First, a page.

Print is dead.
Print is dead.
Print is dead!
Derek’s recent blog posts, have forced a bit of reflection in me on the “Chemistry fatigue” often felt by people who file in and out of college classrooms. The chemistry they encounter is not the chemistry the world does. The way chemistry is taught in collegiate settings is not the way chemistry is taught in the lab. Chemistry pedagogy is to blame – often antiquated methods of teaching chemistry with no obvious purpose would (and should) lead anyone to surmise that the subject is (1) hard (2) academic and unpractical and (3) used more to “weed out” kids from premed programs than to teach them fundamental skills on problem solving that will help them later in life.
For instance, not but 9 years ago my chemistry lab course, which was taught by a pioneer in alene chemistry, contained only compound characterization labs using chemical elucidation techniques. (Tollins, flame tests, etc…) The class was not useful for me as a chemistry major and it was undoubtedly less useful for those that were taking it for their own purposes.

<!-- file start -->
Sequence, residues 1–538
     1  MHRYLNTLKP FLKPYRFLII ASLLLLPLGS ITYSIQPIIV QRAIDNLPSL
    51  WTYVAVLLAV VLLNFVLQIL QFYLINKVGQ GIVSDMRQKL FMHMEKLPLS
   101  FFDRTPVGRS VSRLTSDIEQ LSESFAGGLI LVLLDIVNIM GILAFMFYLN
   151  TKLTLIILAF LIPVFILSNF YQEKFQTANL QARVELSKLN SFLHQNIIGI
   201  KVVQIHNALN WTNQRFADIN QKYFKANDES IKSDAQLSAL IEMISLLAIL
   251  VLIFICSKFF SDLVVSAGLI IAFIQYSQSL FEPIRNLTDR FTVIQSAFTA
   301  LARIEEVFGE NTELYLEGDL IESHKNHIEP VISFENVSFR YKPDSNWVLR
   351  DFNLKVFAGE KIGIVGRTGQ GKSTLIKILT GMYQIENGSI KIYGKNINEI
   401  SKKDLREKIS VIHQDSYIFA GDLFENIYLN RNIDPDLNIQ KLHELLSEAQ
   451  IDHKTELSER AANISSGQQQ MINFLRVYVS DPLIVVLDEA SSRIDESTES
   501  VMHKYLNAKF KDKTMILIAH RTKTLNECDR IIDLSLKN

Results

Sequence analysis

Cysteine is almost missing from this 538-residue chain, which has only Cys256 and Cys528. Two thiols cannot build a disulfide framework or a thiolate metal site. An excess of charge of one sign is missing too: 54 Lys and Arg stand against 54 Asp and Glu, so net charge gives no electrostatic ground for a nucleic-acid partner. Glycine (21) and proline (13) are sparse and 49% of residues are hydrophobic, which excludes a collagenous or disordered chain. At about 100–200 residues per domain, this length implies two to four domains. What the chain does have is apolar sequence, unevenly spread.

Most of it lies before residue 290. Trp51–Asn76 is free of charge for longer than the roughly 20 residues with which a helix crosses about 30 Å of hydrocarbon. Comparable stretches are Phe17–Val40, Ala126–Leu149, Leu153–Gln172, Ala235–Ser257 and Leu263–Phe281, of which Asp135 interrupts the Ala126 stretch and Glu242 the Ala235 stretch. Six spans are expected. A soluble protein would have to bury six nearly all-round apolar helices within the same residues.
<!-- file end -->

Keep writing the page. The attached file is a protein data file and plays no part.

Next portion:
While the ACS has done their bit to fill the airwaves with “chemistry touches all our lives” commercials, I’m not entirely sure they were effective. When I sit down to read SciAm, there may be one article devoted to chemistry with a preponderance of bullshit on the latest paradigms used to explain the nonsense of deep space tissue penetration and the obligatory article on some cloned or transgenic critter. There isn’t much of a market on the wonders of chemical magik; even the more user-friendly chemistry that comes prepackaged with pretty pictures like those out of the labs of Stoddart, Rebek and Anslyn get no attention. Somehow the uselessness of the deep mysteries of invisible matter in the cosmos is more compelling than the efforts of man right here on Earth.
There may be an absence of a strong voice. Physics did have charismatic men like Carl Sagan and Richard Feynman who were relentless advocates for science education of the masses. I have heard suggestions of Carolyn Bertozzi being such an advocate, and I myself could think of few more capable, but hitherto, I have not seen her advocate for chemistry on a national scale, though her advocacy on behalf of women in science and the GLBT community in general has been highly admirable.
So, what’s to be done?
I wonder if the time for a Carl Sagan like figure to appear to children and mesmerize them with a soft voice in their living rooms is passed its time. Back in the day, we watched PBS because that was one of 10 channels, unless you were lucky to grow up with cable (I wasn’t), it was PBS or daytime soaps. There are entertainers like Bill Nye, but advocacy for science in general doesn’t really help the cause of making chemistry more accessible, even though it can’t hurt.